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More than Monsters

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Michal Horton

on 30 August 2016

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Transcript of More than Monsters

KAIROS: Making MONSTERS
"Analyzing Rhetorically" from PRAXIS
"Monster Culture (Seven Theses)" by Jeffrey Jerome Cohen
"George Romero's Zombie Films: A Plague of Meaning" by L. Andrew Cooper and Brandy Ball Lake
"Dawn of the Digital Natives" by Steven Johnson
Night of the Living Dead
"George Romero's Zombie Films: A Plague of Meaning"
By L. Andrew Cooper and Brandy Ball Blake
KAIROS and Today's MONSTER:
Works Cited
Blake, Brandy Ball and Cooper, Andrew L.
"George Romero's Zombie Films: A Plague of
Meaning." Monsters. Ed. Brandy Ball Blake and L. Andrew Cooper. Southlake: Fountainhead, 2012. 55-62. Print.
Cohen, Jeffrey Jerome. "Monster Culture (Seven
Theses)." Monsters. Ed. Brandy Ball Blake and L. Andrew Cooper. Southlake: Fountainhead, 2012. 11-33. Print.
Johnson, Steven. "Dawn of the Digital
Natives." (e)dentity .Ed. Stephanie Vie. Southlake: Fountainhead, 2011. 23-27. Print.
So, what does KAIROS have to do with MONSTERS?
Monsters are an example of KAIROS:

1.) They are "born" into culture out of convergences of time, place, and people--more specifically, monsters come from social and/or political unrest of some kind.

2.) Monsters are metaphors of a culture's anxieties, biases, and political struggles.

3.) So, analyzing a monster in its originary context (time, place, and people) will show a specific, KAIROTIC conflict.

Monsters are a cultural body
"The monster's body quite literally incorporates fear, desire, anxiety, and fantasy" (Cohen 12).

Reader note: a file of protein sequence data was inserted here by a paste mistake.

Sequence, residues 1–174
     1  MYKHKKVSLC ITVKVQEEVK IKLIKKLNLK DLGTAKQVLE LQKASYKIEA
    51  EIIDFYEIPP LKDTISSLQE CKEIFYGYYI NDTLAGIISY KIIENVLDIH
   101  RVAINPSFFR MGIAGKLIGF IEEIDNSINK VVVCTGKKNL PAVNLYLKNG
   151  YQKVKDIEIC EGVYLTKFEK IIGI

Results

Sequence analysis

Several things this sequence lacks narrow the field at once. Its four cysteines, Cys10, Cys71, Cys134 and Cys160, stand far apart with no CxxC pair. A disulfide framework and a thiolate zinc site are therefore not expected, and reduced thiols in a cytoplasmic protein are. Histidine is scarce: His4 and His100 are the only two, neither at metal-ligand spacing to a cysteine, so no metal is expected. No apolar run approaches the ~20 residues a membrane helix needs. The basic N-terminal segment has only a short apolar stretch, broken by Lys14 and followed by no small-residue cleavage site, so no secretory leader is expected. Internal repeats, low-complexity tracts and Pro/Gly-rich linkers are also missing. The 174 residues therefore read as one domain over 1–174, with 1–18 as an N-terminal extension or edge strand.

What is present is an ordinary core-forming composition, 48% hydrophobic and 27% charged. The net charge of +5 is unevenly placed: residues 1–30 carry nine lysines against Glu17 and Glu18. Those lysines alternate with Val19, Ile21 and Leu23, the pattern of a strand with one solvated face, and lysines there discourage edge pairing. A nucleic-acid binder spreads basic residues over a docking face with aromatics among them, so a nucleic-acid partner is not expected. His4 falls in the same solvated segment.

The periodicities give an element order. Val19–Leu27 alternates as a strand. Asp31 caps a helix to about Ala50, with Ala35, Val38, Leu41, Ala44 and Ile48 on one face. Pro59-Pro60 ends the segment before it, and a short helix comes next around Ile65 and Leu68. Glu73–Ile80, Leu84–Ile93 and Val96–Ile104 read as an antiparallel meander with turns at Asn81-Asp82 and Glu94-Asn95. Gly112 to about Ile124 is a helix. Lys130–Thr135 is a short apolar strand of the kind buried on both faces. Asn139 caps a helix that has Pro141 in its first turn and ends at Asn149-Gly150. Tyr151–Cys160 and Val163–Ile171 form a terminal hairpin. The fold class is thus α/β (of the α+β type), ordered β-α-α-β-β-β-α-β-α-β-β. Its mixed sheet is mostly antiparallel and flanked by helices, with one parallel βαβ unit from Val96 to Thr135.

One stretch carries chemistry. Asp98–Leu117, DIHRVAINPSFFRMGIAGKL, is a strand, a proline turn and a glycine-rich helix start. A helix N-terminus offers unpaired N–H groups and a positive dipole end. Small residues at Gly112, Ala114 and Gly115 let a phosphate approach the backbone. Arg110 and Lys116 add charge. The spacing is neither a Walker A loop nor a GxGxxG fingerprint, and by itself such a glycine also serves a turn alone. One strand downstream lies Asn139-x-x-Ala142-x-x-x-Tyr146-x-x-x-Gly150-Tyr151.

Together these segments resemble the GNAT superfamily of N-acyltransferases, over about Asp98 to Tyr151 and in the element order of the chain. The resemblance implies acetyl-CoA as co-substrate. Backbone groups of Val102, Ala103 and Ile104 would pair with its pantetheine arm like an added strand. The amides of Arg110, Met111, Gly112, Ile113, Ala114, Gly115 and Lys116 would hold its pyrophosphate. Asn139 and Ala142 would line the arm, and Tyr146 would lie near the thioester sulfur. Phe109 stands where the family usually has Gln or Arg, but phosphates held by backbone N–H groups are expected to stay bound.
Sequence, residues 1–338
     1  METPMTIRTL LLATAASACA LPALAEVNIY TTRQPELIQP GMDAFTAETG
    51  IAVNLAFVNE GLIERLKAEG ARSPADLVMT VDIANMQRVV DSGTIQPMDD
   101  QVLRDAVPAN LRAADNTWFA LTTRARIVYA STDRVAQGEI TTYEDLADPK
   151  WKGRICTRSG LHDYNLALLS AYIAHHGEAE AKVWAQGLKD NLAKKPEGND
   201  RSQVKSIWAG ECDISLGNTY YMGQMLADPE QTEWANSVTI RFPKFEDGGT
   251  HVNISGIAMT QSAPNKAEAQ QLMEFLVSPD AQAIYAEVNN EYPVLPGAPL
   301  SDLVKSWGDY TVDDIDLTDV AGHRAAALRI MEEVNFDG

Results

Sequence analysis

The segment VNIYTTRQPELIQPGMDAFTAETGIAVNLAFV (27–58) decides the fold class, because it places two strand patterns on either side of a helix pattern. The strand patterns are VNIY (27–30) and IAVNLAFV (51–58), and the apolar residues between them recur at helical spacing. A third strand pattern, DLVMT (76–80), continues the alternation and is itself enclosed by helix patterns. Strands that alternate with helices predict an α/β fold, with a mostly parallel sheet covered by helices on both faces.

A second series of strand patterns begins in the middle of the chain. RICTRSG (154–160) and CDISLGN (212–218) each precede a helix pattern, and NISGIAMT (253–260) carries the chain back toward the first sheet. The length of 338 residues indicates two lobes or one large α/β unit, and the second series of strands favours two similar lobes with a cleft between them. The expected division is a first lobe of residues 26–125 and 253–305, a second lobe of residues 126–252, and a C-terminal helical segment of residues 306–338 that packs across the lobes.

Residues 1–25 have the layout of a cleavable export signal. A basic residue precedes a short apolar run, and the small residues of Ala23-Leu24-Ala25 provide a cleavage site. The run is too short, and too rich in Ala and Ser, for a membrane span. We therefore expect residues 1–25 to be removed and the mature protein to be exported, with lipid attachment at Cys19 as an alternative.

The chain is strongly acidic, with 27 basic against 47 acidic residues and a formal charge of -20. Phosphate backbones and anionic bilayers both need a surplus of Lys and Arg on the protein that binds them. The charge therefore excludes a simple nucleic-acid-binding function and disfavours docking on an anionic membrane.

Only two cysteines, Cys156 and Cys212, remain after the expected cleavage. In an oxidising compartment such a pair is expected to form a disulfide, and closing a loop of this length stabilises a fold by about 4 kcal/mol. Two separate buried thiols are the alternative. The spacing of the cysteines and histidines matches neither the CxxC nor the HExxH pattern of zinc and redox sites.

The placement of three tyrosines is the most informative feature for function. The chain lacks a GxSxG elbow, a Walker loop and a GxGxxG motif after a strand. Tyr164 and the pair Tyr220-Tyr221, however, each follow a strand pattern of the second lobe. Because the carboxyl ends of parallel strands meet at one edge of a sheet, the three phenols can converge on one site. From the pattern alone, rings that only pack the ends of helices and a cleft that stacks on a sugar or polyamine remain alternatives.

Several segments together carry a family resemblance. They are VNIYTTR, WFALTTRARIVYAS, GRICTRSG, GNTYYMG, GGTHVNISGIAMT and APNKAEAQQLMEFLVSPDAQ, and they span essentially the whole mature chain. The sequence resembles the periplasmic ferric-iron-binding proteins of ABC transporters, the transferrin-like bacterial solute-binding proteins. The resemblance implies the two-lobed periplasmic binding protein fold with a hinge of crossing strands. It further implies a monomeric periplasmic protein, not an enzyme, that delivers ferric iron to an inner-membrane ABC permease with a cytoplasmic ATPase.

Example:
Frankenstein's monster, written about post-Industrial Revolution, may demonstrate concern for rapid scientific discoveries which are not adequately understood before implemented.

Following this interpretation, Frankenstein's monster indicates cultural anxiety over these changes, even offering a warning of what might happen if science is not responsibly implemented. The destructive monster is science "out of control."
Night's debut was the first of it's kind in a lot of ways. The cannibalistic content was shocking for its day; however, its political tones resonated most with viewers, something Romero never even intended (Blake and Cooper 55).
The film's premise:
The idea of a traditional voodoo-zombie combined with that of a plague
A small group of people are trapped in a farmhouse, fending off zombies, referred to in the movie as "ghouls"
Poignant political themes:
"This relatively uncomplicated scenario might not have been recognized as an ingenious commentary on its political milieu had it not been released in 1968, a year that saw the assassinations of Martin Luther King, Jr. and Robert F. Kennedy as well as serious developments in both the Civil Rights Movement and the antiwar movement that would eventually convince the United States to withdraw from Vietnam" (Blake and Cooper 56).

"In this context, the horde of mindless attackers suddenly seemed like metaphors for every
possible social ill" (Blake and Cooper 56).
"They were simultaneously antiwar protesters and the Vietnamese people. They were paradoxically agitators for racial equality and the reactionary white mobs that fought to maintain the status quo" (Blake and Cooper 56).
"They offered a grim reflection of the brain dead generations being raised on the relatively new phenomenon of television and other mass media, on which the film reflects extensively. . . . " (Blake and Cooper 56).
". . . . the film's monstrous masses had the potential to signify any Other whose threat came from the possibility of overwhelming numbers" (Blake and Cooper 56).
1. Today's zombie trope: consumerism, viral "contagions" or phenomena, the possibility for an overnight overhaul of life as we know it--all possible because of the internet.

2. Steven Johnson, page 26




The KAIROS of MONSTERS
KAIROS
: a Greek word often translated as the right or opportune moment to do something
Dr. Martin Luther King, Junior's "I Have a Dream" speech: page 75 of PRAXIS
Full transcript